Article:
How about we stay away from the Pocahontas costume?

Halloween is my mother’s favorite holiday. She loves buying decorations for her hotel lobby, and walking into our house looks like Halloween threw up everywhere.

One of my mom’s favorite costumes that she has ever worn was when she dressed up as Pocahontas in 2011 for a Halloween party.

Did you raise an eyebrow at that sentence? I hope you did.

My mom went as “sexy” Pocahontas. She wore a short light beige skirt similar to a public-school skirt, a brown short sleeve shirt, mid-thigh brown heeled boots and a beaded headband that went around her forehead. She is a light-skinned black woman with brown hair, NOT Native American.

She didn’t know at the time, but my mom was a participant in culture appropriation.

Culture appropriation in Cambridge Dictionary is defined as “the act of taking or using things from a culture that is not your own, especially without showing that you understand or respect this culture.”

Culture appropriation arises when imitation is based on a shallow and offensive stereotype.

An example of culture appropriation is when Kim Kardashian named her shapewear line “Kimono Solutionwear.” A kimono is a traditional Japanese garment that has been around for hundreds of years, yet her line of products had nothing to do kimonos.

She participated in cultural appropriation by taking the word away from any cultural contexts while also ignoring Japanese tradition. She quickly changed the name when she began facing backlash.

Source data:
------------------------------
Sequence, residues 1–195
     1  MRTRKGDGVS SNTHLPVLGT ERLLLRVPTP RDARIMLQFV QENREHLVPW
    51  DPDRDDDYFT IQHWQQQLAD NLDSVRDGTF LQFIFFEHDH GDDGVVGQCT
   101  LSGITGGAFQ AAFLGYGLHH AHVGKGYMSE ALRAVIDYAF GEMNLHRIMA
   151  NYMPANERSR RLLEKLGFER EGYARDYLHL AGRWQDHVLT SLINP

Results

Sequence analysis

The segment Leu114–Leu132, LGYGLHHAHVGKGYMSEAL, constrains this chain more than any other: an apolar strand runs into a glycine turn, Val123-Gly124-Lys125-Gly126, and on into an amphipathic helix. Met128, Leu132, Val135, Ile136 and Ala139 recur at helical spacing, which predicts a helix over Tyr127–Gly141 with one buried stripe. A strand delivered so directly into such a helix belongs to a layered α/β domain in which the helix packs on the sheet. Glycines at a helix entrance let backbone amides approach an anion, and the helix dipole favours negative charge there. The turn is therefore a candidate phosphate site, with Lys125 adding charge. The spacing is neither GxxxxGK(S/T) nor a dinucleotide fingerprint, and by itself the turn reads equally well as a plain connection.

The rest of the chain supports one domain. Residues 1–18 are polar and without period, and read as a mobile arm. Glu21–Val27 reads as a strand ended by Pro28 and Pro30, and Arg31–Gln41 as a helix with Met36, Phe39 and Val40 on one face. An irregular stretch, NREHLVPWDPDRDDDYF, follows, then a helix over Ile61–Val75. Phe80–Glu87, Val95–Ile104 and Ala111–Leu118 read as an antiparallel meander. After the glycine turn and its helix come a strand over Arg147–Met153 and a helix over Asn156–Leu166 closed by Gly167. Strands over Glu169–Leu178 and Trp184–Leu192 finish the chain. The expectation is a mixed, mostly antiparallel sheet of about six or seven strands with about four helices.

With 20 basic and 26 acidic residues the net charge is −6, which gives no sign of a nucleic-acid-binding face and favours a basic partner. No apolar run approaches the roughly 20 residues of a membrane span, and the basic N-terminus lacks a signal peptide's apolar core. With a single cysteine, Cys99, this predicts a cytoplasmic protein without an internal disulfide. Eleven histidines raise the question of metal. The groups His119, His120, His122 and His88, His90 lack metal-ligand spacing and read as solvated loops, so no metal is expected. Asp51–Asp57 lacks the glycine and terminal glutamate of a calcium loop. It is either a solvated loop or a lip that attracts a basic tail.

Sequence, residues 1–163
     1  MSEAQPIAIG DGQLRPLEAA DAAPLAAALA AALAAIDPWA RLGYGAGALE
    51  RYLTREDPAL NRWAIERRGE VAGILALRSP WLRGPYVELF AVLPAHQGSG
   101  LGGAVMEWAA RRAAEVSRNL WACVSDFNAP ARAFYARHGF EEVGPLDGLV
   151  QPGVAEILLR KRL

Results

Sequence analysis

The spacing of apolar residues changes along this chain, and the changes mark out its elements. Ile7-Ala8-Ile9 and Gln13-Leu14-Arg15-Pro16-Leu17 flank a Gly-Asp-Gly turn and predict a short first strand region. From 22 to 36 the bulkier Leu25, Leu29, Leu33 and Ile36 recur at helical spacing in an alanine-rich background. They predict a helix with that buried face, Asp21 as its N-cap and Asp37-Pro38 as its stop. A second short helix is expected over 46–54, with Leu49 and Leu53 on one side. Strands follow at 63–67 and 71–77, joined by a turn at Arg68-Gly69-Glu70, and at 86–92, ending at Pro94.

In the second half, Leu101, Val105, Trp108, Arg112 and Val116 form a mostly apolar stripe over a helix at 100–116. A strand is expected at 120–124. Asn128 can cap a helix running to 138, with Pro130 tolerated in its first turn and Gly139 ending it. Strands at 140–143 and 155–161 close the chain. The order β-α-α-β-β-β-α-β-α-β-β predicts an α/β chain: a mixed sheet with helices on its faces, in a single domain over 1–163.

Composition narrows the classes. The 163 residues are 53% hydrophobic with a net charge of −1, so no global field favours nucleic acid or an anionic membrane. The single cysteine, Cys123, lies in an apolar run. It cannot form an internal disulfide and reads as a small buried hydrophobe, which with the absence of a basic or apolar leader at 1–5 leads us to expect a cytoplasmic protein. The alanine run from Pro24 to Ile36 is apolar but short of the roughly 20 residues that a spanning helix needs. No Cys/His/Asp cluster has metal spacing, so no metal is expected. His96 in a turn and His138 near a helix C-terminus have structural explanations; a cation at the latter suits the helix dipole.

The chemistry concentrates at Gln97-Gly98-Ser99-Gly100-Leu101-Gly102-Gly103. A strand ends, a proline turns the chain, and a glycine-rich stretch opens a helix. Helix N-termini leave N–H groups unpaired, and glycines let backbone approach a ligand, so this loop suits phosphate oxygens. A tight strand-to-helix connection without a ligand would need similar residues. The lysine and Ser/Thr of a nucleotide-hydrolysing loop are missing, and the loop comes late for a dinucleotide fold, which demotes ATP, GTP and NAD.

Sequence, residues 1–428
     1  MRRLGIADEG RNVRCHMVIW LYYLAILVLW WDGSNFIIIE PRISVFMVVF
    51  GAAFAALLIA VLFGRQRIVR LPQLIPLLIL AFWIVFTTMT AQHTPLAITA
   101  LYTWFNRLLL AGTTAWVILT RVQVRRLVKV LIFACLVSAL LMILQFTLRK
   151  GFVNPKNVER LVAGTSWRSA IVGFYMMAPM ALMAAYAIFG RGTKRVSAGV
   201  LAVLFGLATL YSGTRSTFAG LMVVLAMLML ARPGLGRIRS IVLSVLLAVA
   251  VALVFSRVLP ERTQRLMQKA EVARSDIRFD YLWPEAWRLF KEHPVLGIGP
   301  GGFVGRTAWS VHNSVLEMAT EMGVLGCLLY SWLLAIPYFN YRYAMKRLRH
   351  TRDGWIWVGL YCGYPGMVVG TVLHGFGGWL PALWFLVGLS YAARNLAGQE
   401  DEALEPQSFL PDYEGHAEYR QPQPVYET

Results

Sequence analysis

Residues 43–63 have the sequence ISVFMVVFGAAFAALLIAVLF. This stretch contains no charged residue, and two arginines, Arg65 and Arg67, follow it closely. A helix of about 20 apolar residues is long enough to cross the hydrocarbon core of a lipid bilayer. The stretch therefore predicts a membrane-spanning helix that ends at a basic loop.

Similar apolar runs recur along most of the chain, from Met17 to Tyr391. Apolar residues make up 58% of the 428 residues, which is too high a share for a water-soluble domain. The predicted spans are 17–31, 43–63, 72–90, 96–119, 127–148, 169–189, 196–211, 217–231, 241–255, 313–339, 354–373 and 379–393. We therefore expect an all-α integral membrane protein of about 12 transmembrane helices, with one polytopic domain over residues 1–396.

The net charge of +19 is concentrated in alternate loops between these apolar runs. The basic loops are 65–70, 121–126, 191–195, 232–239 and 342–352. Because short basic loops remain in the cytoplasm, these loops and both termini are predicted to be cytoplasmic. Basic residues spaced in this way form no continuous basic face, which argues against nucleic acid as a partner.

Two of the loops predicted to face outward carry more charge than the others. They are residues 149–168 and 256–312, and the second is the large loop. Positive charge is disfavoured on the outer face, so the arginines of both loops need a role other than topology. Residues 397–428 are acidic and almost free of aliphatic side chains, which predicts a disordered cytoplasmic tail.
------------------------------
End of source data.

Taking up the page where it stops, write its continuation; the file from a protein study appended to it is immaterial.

Most people never intend to insult another culture when dressing up for Halloween. They just want to have fun.

If a little white girl wants to be Princess Jasmine or Mulan, then that is okay. All she sees is a fierce princess that she wants to be like. She doesn’t know anything else.

My mom dressing up as Pocahontas for a Halloween party didn’t hurt anybody’s feelings because nobody knew. If she had known that it might hurt another person, she would have never worn it.

We need to be more careful when it comes to costumes derived from Native Americans, African Americans, Hispanics, Asians, etc. If you have to question whether or not you should wear something, you probably shouldn’t wear it.

To make it easier on everyone, let’s just name the basics of what you should never wear if you are not going to respect their culture.

  1. Blackface. I should not have to explain that to anyone.
  2. Stay away from Native American feathers or anything depicting Native Americans.
  3. Box braids, dreadlocks or cornrows are a no-go.
  4. Please do not wear hijabs if you are not going to respect the religion.

Let’s try not to be racist this Halloween. It is a fun holiday, so let’s keep it that way.

By the way, my mom rocked that do-it-yourself Pocahontas costume.

Trinity Velazquez

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